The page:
The problem with the Oscars is that they're driven by the politics of the moment. I mean, the only reason Broadway Melody won Best Picture for 1929 was because Hollywood wanted to demonstrate their commitment to talkies -- even though several silent films made the same year were obviously superior examples of quality filmmaking: The Kiss and the now-fragmentary 4 Devils and The Patriot. It still boggles my mind, however, that, since Hollywood felt obliged to give the award to a talkie, they gave it the MGM picture rather than to Paramount's far more innovative and enjoyable Applause.

 

There are plenty of other examples like that throughout Oscar's history. In fact, the Academy Award has only rarely gone to the film that most critics, historians, and even average film buffs would consider the best film of any given year.

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I didn't like All About Eve - I watched it a few times and always had the same opinion - the movie is boring.

 

I also didn't like Casablanca - don't know what the hoopla was with that film - very boring.

 

I saw Gentleman's Agreement and fell asleep on it midway through - so I guess I didn't like that film.

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>

> That's quite a leap in logic, isn't it, Bartlett?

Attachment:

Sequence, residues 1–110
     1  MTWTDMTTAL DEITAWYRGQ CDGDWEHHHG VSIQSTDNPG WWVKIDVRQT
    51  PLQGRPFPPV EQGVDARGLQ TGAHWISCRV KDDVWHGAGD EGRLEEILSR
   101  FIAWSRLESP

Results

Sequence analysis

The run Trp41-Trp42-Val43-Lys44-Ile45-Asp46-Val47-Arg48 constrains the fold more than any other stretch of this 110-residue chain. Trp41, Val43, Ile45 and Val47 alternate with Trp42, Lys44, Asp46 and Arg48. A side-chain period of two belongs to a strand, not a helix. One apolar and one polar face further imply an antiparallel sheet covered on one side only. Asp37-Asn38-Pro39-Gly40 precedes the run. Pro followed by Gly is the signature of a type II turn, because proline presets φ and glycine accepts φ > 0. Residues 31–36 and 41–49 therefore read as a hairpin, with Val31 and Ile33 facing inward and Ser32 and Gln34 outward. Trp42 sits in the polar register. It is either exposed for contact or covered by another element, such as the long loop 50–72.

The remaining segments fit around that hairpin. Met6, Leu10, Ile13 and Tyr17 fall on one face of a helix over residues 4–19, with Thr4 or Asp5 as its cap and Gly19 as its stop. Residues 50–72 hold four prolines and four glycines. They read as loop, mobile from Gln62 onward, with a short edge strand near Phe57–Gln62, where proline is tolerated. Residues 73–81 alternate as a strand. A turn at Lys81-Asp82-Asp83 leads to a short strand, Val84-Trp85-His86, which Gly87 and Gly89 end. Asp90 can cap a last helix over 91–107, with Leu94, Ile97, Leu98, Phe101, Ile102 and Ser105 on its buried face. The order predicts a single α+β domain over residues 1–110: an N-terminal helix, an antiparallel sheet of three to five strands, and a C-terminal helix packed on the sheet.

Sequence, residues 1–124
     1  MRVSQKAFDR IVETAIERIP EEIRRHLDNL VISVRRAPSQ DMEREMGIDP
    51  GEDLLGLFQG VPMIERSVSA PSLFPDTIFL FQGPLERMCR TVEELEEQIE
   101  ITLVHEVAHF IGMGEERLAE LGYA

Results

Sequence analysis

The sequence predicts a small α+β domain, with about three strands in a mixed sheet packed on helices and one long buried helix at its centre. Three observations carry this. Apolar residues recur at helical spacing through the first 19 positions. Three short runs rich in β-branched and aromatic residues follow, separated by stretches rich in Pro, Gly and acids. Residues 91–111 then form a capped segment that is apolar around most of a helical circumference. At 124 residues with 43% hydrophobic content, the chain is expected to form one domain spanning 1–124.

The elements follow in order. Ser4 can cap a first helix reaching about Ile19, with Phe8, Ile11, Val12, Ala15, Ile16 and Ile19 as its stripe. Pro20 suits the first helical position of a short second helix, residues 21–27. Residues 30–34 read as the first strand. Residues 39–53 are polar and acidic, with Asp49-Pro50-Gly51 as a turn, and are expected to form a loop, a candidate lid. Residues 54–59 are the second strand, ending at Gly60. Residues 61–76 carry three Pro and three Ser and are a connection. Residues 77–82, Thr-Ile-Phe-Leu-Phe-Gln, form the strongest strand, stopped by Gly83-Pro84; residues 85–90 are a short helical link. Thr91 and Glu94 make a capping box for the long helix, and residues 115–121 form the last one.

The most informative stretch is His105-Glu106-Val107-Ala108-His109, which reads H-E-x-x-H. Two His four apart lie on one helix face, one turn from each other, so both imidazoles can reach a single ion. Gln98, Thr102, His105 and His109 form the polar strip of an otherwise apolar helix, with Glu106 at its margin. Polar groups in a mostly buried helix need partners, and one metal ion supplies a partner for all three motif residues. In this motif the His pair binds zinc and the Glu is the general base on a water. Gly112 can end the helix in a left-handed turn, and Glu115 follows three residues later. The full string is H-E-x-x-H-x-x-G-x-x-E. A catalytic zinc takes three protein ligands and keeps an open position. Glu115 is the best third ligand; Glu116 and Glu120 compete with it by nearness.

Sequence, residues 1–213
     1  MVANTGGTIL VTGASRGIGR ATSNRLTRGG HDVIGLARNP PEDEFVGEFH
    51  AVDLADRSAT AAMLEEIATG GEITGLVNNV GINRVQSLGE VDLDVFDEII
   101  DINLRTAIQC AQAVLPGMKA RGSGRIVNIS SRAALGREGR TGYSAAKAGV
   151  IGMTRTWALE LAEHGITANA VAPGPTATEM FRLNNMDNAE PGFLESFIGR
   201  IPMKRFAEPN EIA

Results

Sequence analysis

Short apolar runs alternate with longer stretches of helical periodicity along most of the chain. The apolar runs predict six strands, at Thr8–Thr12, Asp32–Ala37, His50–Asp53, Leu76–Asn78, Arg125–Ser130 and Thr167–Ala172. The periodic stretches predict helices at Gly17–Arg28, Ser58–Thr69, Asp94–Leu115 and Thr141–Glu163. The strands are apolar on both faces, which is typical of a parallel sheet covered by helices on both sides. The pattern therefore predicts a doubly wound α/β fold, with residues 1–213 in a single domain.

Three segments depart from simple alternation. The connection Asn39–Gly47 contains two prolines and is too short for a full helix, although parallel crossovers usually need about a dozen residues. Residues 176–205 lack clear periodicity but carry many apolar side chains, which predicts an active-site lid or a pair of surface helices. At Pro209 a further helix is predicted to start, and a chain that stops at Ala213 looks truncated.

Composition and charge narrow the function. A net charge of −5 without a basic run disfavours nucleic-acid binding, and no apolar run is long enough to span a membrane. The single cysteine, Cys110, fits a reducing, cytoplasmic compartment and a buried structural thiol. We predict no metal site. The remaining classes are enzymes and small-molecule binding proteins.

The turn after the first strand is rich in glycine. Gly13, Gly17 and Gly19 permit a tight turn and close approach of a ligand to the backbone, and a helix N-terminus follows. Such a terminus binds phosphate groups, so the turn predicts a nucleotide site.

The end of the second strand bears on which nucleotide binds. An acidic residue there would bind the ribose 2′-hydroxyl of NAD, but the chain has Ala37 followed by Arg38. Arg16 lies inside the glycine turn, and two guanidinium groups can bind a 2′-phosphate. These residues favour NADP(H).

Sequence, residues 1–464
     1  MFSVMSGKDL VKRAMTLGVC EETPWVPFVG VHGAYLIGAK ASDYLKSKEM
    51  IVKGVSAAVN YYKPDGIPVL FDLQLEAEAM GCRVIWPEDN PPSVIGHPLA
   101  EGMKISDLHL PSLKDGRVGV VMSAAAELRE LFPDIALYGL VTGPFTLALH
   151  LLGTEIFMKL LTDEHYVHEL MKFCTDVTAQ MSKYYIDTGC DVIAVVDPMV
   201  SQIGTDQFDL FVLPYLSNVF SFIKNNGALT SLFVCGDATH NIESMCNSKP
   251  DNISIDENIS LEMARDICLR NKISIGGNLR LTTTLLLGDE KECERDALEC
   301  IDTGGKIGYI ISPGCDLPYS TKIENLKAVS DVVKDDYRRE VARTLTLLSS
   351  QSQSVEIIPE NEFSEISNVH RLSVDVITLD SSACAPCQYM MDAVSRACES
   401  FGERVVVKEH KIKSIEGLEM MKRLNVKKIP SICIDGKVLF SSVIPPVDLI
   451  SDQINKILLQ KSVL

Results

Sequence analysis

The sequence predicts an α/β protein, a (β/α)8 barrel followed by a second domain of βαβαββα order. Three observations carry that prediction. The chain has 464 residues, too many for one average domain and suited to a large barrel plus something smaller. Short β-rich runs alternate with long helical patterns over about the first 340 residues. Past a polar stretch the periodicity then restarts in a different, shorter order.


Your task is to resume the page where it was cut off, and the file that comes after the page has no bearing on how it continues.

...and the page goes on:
> Just because I don't have to wait for the Hollywood

> community to tell me which movies to value each year

> means I'm not capable of recognizing quality

> filmmaking on my own?

>

 

 

Were talking about box office appeal. The people who buy tickets dictate what's a hit and what's not a hit not Hollywood and that is logic.

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> Were talking about box office appeal. The people who

> buy tickets dictate what's a hit and what's not a hit

> not Hollywood and that is logic.

 

Actually, we weren't talking about box office appeal. The topic of this thread is Oscar winners that shouldn't have won, which often has little to nothing to do with box office appeal.

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Were talking about box office appeal. The people who buy tickets dictate what's a hit and what's not a hit not Hollywood and that is logic. >>

 

If box office appeal is all that matters in making hit movies then most of the classic films we love would be unknown because many of them bombed at the box office upon their initial release.

 

It was only years later, thanks to a new generation of filmgoers that these films found an audience and are now heralded as classics because it often didn't happen on its original release.